According to a recent Institute of Medicine study, 100 million people in the U.S. suffer from chronic pain: that's about one out of every three people. But how do researchers study this subjective condition in an objective way?
One of the big problems in medicine is the need to rely on participants' self-reports of their experiences. For example, in studying pain, participants may be asked to rank their level of pain on a scale -- and as you might guess, the perception of pain can vary widely between individuals, depending on a person's personal history, heartiness, age, and other factors. What's more, studies have found that there is considerable cultural bias in the diagnosis and treatment of pain, with some patients perceived as fabricating their pain.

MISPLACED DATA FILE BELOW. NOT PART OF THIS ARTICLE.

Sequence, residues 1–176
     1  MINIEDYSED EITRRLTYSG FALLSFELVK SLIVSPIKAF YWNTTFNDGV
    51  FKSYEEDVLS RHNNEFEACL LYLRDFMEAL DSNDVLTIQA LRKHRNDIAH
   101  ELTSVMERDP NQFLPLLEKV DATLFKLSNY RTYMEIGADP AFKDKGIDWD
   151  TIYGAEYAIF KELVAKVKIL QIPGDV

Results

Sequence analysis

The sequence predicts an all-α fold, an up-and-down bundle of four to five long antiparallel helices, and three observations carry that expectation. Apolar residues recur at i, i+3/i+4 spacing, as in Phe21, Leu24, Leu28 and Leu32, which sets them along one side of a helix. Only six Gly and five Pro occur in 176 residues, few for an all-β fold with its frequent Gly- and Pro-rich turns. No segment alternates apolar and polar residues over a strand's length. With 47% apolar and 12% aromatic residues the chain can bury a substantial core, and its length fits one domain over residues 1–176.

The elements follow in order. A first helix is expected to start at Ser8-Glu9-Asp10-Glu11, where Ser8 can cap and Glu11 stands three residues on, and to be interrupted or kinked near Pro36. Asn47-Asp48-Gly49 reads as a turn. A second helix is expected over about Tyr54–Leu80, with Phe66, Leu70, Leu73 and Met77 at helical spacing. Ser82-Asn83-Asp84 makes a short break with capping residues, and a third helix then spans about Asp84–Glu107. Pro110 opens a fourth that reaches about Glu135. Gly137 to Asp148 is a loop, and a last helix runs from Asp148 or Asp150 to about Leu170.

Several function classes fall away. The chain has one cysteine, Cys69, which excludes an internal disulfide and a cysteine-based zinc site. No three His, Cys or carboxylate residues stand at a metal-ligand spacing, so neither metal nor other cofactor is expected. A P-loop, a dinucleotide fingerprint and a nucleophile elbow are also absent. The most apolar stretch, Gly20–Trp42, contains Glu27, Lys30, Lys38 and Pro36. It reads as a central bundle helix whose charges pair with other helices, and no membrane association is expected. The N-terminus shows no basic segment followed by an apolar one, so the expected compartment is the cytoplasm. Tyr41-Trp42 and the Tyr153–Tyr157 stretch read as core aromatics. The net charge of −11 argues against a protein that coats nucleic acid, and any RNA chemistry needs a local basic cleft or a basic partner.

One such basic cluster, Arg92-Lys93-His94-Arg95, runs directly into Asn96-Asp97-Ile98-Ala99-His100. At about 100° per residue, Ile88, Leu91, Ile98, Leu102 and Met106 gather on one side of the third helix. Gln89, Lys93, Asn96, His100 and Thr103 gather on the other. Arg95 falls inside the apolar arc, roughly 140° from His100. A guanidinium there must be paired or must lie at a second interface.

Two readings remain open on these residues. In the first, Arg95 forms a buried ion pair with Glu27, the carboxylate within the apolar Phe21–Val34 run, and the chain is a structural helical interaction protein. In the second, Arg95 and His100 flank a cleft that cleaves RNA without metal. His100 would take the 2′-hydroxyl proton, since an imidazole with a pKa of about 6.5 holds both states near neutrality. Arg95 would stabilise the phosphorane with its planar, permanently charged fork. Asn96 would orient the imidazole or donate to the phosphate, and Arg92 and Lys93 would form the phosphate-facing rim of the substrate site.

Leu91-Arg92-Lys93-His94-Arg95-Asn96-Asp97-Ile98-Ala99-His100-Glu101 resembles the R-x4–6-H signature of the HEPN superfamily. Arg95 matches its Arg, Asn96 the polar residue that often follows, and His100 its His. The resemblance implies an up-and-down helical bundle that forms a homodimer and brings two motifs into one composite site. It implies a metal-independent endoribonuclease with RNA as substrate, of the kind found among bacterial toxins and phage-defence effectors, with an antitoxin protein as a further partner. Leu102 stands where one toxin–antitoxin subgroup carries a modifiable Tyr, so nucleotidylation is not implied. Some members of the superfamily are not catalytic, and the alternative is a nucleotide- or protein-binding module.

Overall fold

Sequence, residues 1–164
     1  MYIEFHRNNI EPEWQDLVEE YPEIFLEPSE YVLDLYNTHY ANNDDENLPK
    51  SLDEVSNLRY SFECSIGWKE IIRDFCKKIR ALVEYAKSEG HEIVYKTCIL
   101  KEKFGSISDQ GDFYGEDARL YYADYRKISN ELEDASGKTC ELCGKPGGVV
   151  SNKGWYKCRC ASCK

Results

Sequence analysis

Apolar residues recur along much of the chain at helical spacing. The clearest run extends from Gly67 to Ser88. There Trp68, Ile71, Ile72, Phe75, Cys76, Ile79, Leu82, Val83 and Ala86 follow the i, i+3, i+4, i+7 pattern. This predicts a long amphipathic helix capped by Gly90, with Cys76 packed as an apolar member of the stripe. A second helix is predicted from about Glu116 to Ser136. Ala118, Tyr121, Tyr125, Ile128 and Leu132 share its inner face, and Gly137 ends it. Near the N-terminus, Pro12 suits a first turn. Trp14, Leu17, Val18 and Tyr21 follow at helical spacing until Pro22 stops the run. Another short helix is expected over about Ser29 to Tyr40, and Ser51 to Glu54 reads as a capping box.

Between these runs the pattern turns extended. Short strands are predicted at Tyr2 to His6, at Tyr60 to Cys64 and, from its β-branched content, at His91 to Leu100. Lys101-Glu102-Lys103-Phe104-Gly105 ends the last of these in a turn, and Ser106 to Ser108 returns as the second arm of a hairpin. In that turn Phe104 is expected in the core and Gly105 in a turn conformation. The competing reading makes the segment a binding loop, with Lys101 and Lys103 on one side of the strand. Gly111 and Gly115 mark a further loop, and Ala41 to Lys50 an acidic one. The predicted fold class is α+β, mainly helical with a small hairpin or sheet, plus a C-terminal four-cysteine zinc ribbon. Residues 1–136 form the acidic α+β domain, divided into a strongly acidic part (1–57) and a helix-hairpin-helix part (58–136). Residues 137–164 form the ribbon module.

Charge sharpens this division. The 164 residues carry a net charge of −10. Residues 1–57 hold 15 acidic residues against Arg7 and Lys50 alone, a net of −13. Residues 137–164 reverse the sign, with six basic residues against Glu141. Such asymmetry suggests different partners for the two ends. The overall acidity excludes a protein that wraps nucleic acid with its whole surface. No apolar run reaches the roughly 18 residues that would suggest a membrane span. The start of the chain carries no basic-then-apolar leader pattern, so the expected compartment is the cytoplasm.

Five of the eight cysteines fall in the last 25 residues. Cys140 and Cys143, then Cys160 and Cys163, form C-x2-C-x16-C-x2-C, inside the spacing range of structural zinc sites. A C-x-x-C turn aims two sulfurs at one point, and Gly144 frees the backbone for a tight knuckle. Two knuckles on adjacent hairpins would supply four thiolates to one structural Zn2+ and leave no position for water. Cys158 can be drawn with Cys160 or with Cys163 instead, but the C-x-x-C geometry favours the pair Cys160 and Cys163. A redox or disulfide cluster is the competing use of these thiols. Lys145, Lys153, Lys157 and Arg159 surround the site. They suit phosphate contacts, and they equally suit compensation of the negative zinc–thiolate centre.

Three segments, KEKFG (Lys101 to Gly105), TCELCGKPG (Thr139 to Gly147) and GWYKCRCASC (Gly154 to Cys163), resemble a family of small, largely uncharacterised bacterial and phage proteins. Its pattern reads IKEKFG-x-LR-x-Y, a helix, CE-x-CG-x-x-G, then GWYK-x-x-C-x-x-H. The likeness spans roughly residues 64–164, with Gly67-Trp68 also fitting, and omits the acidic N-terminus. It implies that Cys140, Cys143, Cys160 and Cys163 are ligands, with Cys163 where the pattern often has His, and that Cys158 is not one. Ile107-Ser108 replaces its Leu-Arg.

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But now, researchers say they've come up with an objective way of measuring people's pain levels: by looking into the brain itself to rate pain physiologically.
"We rely on patient self-reporting for pain, and that remains the gold standard," said study author Sean Mackey, M.D., Ph.D. "That's what I, as a physician, rely on when I take care of a patient with chronic pain. But there are a large number of patients, particularly among the very young and the very old, who can't communicate their pain levels. Wouldn't it be great if we had a technique that could measure pain physiologically?" After a conference in 2009 on the neuroimaging of pain, Mackey and colleagues were compelled to try to design a "painometer" to measure pain objectively. And this is just what they did.